That’s where divestment comes in. The fossil fuel divestment movement has taken off in the last few years, spreading around the globe to hundreds of institutions ranging from colleges and universities to churches, private corporations, pension funds, cities, and states. Divestment seeks to raise awareness of the destructive, unjust practices of the fossil fuel industry and its powerful grip on the American and world political systems. It takes away the social license of the fossil fuel industry, and ostracizes them as one of the key opponents in this fight. Put simply, it is based on the idea that if it’s wrong to wreck the climate, it’s wrong to profit from that wreckage. At its core, an investment is something you want to see continue into the future. You are betting on it succeeding, and have an interest in its continued existence. Divestment is a way that students can leverage the power of our elite institutions and demand they do everything into their power to prepare us for a livable future. This future must include new kinds of systems that lead to environmental, economic, and social justice for all people.
As a privileged, powerful, and wealthy institution, Pomona College has the moral responsibility to use its money to support environmental justice rather than environmental destruction. Moreover, as an institution of higher education that wishes to build a world of socially conscious, critical, and active leaders, Pomona needs to take a stand to create the political and economic environment that will allow for that.
Pomona’s mission statement says, “Pomona students are inspired to engage in the probing inquiry and creative learning that enable them to identify and address their intellectual passions. This experience will continue to guide their contributions as the next generation of leaders, scholars, artists and citizens to fulfill the vision of its founders: to bear their added riches in trust for all.” Our education and endowment must be part of this work to create the socially just, fulfilling, and creative world we wish to see. Investing in fossil fuels, in climate destruction, and in the systems that perpetuate it is in direct contradiction to Pomona’s professed mission. Our education should not support a system that is destroying our future.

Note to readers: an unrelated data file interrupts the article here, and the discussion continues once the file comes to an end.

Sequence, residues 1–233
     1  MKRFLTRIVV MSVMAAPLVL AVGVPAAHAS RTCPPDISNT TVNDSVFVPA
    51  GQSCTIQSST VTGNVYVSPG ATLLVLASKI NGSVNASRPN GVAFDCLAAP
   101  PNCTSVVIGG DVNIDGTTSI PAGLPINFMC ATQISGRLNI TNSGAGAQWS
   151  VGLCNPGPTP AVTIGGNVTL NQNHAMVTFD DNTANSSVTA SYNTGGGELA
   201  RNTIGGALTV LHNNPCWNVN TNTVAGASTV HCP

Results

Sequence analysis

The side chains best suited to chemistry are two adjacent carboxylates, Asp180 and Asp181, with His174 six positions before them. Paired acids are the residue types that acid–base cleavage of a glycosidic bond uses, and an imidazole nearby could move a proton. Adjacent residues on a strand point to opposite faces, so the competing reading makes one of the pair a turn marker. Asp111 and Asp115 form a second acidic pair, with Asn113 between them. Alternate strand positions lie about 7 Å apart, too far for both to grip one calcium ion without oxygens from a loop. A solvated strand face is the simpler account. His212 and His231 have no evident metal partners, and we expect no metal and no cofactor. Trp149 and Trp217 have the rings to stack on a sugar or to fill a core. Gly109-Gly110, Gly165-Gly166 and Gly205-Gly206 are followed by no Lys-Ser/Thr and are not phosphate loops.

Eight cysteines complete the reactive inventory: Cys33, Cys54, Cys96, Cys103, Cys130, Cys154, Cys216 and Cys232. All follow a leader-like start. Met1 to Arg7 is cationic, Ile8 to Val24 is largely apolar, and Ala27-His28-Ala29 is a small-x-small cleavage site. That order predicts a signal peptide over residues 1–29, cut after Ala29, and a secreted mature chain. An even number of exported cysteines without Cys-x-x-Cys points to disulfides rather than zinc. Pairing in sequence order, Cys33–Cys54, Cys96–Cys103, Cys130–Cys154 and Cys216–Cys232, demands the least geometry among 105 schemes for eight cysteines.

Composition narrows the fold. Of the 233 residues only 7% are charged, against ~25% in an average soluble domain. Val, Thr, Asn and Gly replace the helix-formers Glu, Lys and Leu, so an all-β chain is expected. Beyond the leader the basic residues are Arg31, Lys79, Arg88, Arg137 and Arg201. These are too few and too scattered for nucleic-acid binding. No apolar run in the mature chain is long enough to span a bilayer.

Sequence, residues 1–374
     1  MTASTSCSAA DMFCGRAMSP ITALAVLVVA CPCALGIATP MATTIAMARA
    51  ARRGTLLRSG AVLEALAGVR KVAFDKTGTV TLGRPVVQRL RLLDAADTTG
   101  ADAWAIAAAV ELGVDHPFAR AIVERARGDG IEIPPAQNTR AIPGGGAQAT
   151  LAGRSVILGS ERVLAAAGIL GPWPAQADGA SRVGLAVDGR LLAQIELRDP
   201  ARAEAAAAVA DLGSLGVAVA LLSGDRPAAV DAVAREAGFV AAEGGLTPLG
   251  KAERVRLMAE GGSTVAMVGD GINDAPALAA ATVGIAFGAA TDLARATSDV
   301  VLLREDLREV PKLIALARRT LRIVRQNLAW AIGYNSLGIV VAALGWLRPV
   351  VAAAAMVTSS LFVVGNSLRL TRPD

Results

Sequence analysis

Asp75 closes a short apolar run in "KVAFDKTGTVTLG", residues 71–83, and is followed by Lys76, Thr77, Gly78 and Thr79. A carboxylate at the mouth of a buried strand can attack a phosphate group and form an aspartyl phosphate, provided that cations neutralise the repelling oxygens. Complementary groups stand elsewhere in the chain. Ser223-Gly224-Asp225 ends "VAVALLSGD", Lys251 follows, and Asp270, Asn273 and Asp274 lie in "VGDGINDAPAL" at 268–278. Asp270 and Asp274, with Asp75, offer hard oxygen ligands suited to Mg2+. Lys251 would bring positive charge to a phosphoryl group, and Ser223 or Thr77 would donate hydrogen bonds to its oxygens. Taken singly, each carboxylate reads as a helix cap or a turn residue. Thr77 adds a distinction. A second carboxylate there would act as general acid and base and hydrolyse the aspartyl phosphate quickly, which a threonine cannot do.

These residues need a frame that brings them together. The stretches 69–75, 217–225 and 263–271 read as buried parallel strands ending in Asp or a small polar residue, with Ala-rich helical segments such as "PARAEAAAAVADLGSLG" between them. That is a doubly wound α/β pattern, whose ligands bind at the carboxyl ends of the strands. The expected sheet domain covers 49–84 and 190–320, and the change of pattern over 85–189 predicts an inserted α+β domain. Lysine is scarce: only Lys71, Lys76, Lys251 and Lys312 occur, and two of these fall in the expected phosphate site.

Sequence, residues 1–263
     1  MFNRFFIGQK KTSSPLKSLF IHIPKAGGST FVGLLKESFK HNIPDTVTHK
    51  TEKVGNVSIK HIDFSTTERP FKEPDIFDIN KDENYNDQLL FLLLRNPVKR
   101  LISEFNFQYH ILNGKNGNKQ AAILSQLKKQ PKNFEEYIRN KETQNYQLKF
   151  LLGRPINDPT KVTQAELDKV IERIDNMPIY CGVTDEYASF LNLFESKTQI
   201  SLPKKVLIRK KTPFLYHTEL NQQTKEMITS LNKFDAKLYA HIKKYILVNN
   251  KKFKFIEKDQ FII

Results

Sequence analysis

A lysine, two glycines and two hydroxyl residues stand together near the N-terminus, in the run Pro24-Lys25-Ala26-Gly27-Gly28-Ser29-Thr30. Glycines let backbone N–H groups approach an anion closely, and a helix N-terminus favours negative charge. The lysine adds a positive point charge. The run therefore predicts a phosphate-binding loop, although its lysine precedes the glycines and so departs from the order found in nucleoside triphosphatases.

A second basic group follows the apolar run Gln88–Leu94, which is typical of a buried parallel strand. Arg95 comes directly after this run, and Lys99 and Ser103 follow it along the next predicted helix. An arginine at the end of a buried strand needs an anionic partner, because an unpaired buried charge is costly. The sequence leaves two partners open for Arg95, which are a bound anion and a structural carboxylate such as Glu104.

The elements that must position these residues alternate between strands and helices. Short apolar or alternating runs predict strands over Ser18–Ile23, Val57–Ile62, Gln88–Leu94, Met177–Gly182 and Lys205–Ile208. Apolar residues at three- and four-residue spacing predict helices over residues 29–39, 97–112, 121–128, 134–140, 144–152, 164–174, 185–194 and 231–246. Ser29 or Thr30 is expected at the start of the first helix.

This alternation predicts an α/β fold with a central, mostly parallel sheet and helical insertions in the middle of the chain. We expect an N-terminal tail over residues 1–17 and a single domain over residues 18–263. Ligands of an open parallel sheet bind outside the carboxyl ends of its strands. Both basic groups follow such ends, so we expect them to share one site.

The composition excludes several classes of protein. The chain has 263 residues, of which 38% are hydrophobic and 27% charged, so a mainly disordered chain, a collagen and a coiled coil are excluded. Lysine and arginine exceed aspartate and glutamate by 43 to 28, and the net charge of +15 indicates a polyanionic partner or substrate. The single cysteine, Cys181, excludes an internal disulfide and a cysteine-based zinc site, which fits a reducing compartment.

A global movement is rising up, and the time has come for Pomona to use its power and privilege to support these struggles for justice. We are asking our college to be part of the change. Help us transform the institutional structures preventing action against climate change and fight for dominated communities and countries facing destruction, famine, flood, drought, and war. Divestment is not the only answer, and alone it will never be close to enough. But it is a critical step, and now is the critical time. Divestment is the tactic; climate justice is the goal. Join us.
Suggestions for further reading:
17 Principles of Environmental Justice: http://www.ejnet.org/ej/principles.pdf
Environmental Racism: http://www.goldmanprize.org/blog/environmental-racism-in-america-an-overview-of-the-environmental-justice-movement-and-the-role-of-race-in-environmental-policies/
Let This Earth Day Be The Last: http://www.thenation.com/article/let-earth-day-be-last/
Who Funds Climate Denial: http://drexel.edu/now/archive/2013/december/climate-change/
Get Intersectional!: http://www.yesmagazine.org/planet/get-intersectional-why-your-movement-can-t-go-it-alone
Why #Blacklivesmatter should transform the climate debate: http://www.thenation.com/article/what-does-blacklivesmatter-have-do-climate-change/
Black Lives Matter movement calls for fossil fuel divestment: http://grist.org/justice/the-movement-for-black-lives-calls-for-fossil-fuel-divestment/
Why the Climate Movement Must Stand with Ferguson: http://350.org/how-racial-justice-is-integral-to-confronting-climate-crisis/
Intersectionality isn’t just a win-win; it’s the only way out: http://wagingnonviolence.org/feature/intersectionality-isnt-just-win-win-way/
Denmark is doing very well on renewable energy: https://www.guardian.com/environment/2015/ju/10/denmark-wind-windfarm-power-exceed-electricity-demand